Vartansy2.jpg
Costume by Anna Tait, Mathew Tait and Tansy Pye, Make-up by Tansy Pye

Priests in Varushka are considered to be (or seek to be) wise, and are generally either physically old or possessed of an “old spirit.” These wise ones are the repositories of wisdom in a community. While many consider themselves priests, and several are magicians, anyone can be a wise one simply by dint of offering good advice and keeping a close eye on moral concerns.

Elder wise ones are particularly respected, but there are wise ones of all ages. As a wise one grows older, they traditionally take on young apprentices who help them with their growing infirmity and in return are schooled in the ways of wisdom and virtue.

The most important role of the wise ones is to help people fend off the monsters of Varushka. Few wise ones fight the monsters directly; rather they teach people how to recognise them and protect themselves. They rally the whole vale when the monsters come, sharing with them the benefit of their experience and common sense. It is more important for a wise one to recognise and think their way around a problem than it is for them to memorize chunks of historical lore.

Wise ones recognise the danger of judging by appearances. There are plenty of stories where a wise child defeats a monster by refusing to trust the evidence of their eyes. Some wise ones emulate this by blinding themselves – not literally, but by blindfolding themselves when they are about official business. Forced to rely on other senses, they claim that they become adept at separating truth from lies – there is a common conceit that by blinding the eyes of the body, the eyes of the soul open wider allowing the wise one to see things as they truly are. A few wise ones never remove their blindfolds, living their entire lives in darkness and cultivating the “inner vision” that helps them hone their insight into the souls of others.

There is no official test to become a wise one – the title is an honorific either claimed or bestowed by one's peers. One becomes a wise one by being treated as a wise one and included in the counsels of the other wise ones.

The Virtuous Animals

Varushkans believe that most animals display one or more of the great Virtues. In particular they know that symbols or drawings of a creature can contain some of its power, so many Varushkans decorate their belongings with images of animals whose virtues they wish to emulate. The virtuous animals are also seen in Varushkan heraldry and art, as well as being worn as charms, belt buckles or embroidered patches.

Wisdom is usually symbolised by the spider or the squirrel. The goose and the spider (again) symbolise Vigilance. The bear and the boar symbolise Courage, and the virtue of Loyalty is associated with the hound. Deer and the eagle often symbolise the Imperial Virtue of Pride. Hares, foxes and other animals seen as cunning symbolise Ambition, and often encourage the hero of the tale to improve their lot or that of their family. Prosperity is symbolised by bees, whose honey has a special place in Varushkan society.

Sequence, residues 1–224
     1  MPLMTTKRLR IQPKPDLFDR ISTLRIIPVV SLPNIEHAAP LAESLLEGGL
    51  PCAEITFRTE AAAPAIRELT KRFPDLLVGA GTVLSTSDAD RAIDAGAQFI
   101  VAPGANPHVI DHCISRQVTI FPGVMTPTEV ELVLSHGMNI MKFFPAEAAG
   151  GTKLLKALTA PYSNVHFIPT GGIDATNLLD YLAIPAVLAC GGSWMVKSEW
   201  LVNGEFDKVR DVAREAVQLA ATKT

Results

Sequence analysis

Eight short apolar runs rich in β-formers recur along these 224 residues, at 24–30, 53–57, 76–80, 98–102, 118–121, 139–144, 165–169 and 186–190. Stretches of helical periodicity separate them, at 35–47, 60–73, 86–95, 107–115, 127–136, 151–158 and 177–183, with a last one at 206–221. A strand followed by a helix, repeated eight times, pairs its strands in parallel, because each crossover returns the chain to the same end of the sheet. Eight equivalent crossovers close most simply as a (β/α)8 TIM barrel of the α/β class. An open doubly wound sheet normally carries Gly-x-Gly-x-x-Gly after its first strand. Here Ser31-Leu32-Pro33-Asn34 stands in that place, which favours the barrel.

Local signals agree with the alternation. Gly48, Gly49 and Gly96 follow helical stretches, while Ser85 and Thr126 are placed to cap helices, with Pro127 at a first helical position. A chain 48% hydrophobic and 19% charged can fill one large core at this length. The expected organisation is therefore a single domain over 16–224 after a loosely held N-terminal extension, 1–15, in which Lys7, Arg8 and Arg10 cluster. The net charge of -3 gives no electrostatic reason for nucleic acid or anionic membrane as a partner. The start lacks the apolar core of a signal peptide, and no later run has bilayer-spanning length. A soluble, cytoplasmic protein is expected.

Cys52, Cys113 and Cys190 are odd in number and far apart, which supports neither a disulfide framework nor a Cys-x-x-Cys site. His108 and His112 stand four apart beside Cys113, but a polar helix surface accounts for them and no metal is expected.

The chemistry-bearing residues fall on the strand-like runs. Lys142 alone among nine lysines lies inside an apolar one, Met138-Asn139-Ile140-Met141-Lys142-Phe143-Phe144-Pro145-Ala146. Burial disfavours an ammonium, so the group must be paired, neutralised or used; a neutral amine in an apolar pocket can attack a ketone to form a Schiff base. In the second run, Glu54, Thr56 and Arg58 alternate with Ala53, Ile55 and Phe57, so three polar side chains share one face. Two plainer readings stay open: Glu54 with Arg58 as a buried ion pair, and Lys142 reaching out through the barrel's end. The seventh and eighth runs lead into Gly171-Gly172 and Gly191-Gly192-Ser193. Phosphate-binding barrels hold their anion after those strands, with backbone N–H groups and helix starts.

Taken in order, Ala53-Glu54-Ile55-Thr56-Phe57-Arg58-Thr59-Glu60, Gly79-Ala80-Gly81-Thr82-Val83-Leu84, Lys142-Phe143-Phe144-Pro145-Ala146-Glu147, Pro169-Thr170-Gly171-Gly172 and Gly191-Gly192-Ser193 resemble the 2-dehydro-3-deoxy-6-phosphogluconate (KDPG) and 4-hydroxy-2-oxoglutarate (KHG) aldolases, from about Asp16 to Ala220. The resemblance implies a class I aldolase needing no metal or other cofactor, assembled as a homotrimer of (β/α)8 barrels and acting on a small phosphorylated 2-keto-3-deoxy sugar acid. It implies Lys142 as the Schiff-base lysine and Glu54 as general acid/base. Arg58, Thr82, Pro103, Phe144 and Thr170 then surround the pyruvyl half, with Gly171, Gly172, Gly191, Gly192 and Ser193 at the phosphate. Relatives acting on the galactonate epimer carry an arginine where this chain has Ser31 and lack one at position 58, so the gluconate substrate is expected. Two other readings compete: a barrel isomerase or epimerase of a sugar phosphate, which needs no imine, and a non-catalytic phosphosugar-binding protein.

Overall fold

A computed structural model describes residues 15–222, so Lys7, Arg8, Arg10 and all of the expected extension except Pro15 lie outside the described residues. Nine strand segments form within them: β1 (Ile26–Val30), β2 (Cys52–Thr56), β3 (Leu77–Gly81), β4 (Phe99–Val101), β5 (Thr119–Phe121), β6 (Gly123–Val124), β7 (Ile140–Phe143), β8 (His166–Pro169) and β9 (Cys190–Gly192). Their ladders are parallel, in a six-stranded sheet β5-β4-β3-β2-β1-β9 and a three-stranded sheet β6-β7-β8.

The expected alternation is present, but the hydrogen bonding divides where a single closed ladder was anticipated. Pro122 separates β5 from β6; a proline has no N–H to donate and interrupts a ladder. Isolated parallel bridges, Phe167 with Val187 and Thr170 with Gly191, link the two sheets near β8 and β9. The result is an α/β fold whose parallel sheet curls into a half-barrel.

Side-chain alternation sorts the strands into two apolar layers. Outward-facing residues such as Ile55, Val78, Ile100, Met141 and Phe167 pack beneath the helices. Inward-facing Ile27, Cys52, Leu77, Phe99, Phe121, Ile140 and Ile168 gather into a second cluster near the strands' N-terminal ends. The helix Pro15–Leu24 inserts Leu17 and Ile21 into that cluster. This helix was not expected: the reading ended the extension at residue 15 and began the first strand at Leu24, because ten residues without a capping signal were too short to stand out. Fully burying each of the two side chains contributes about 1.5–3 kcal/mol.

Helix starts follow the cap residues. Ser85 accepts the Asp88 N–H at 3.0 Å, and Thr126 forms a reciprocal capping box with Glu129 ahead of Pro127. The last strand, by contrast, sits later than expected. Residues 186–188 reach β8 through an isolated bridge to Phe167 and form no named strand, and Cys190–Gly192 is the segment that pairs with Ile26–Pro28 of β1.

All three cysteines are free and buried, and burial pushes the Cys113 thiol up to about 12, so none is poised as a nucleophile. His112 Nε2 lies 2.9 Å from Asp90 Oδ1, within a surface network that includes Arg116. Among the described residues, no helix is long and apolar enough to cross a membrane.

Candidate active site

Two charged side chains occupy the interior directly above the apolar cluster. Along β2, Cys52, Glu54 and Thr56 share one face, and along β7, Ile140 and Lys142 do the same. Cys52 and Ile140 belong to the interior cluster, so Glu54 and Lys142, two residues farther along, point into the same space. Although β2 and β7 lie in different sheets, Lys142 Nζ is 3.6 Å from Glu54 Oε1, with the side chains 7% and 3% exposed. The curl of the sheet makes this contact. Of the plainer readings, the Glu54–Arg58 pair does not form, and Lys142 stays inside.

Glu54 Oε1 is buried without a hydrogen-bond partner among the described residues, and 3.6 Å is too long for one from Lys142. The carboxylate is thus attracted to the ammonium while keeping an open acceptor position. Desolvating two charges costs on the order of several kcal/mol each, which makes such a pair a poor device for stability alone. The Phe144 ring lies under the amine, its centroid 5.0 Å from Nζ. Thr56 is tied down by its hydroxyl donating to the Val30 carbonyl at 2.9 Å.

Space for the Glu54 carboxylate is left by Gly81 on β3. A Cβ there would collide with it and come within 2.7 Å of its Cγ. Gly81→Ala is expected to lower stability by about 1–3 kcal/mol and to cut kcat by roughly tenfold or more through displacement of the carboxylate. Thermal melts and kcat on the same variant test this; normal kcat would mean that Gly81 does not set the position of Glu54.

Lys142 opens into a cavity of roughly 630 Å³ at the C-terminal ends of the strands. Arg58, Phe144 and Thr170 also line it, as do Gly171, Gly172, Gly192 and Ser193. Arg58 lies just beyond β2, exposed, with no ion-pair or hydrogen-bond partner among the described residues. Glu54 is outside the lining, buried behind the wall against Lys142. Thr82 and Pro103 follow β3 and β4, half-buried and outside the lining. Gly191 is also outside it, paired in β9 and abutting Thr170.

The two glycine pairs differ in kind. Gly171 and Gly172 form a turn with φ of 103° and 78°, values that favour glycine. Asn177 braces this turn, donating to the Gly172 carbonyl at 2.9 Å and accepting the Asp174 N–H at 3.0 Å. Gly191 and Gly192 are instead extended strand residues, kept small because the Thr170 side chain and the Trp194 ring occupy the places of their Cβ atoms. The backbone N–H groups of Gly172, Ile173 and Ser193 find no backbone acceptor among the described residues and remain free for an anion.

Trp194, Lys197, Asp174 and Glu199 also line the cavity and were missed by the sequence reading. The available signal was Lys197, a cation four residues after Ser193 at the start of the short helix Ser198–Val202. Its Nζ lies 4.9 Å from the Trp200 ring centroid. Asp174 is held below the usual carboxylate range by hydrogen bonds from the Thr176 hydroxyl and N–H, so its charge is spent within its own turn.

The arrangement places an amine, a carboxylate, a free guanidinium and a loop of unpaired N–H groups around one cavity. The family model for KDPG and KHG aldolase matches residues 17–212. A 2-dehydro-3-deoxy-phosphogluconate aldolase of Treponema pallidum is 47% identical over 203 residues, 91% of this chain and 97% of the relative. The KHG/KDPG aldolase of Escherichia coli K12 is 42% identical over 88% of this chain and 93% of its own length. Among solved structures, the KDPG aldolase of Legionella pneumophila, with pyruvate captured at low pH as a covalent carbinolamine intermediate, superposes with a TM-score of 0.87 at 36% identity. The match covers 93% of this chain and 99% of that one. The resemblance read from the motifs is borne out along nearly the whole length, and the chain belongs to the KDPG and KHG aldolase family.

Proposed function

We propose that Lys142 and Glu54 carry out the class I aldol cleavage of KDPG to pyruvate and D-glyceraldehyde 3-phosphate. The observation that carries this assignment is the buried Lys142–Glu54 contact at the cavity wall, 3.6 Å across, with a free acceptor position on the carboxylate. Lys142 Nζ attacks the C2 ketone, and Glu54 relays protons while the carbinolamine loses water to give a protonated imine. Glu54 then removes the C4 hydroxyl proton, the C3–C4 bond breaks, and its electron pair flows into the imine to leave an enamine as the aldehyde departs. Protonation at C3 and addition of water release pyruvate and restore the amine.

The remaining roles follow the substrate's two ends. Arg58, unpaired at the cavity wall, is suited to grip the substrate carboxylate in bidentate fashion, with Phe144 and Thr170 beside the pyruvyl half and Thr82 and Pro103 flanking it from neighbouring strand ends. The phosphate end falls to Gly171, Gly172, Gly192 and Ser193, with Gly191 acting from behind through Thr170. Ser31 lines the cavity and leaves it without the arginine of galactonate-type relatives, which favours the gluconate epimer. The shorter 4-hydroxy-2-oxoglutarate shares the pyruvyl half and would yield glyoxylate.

Varushkans use animal symbols and runes to express virtues in their storytelling and often as part of their costume.

Storytellers

Another common role for priests is as storytellers, following a tradition of telling instructional tales that show proper forms of behaviour and the repercussions of foolishness or vice. These stories balance optimism with harsh practicality; Varushkan religion instructs with a harder edge than some other national traditions. The custom of an older relative telling stories to the younger generation as the family gathers around the family is as old as humankind, but in Varushka it takes on additional significance.

Storytellers are often travellers, bringing spiritual support, entertainment and news of the outside world to isolated valleys, especially those without their own priests. The traditional garb of a storyteller is a brightly coloured coat of patchwork, marked with symbols and hung with trinkets, each one of which represents a story. Many storytellers use these trinkets and symbols as memory aids when telling their favourite stories. More so than other wise ones, a storyteller is likely to have a younger apprentice who learns the storytelling craft and the priestly ceremonies by travelling alongside the older priest.

...could not see the Wisdom in blindfolding oneself as some Varuskan wise ones do. So I tried it, and I will concede that I had to change the way I interacted with the world. The stories of the wise ones are steeped in virtue, and I feel they will come to accept the whole of The Way as readily as they do Wisdom. There is a matter I need to clarify, though. Is using animal symbols for the virtues a useful metaphor, or blasphemy against human virtue? I always believed it was the latter, but the practice is widespread and I cannot dissuade them against it.

Wayfarer Sarah in Epistles to the Winds of Virtue, 2 BE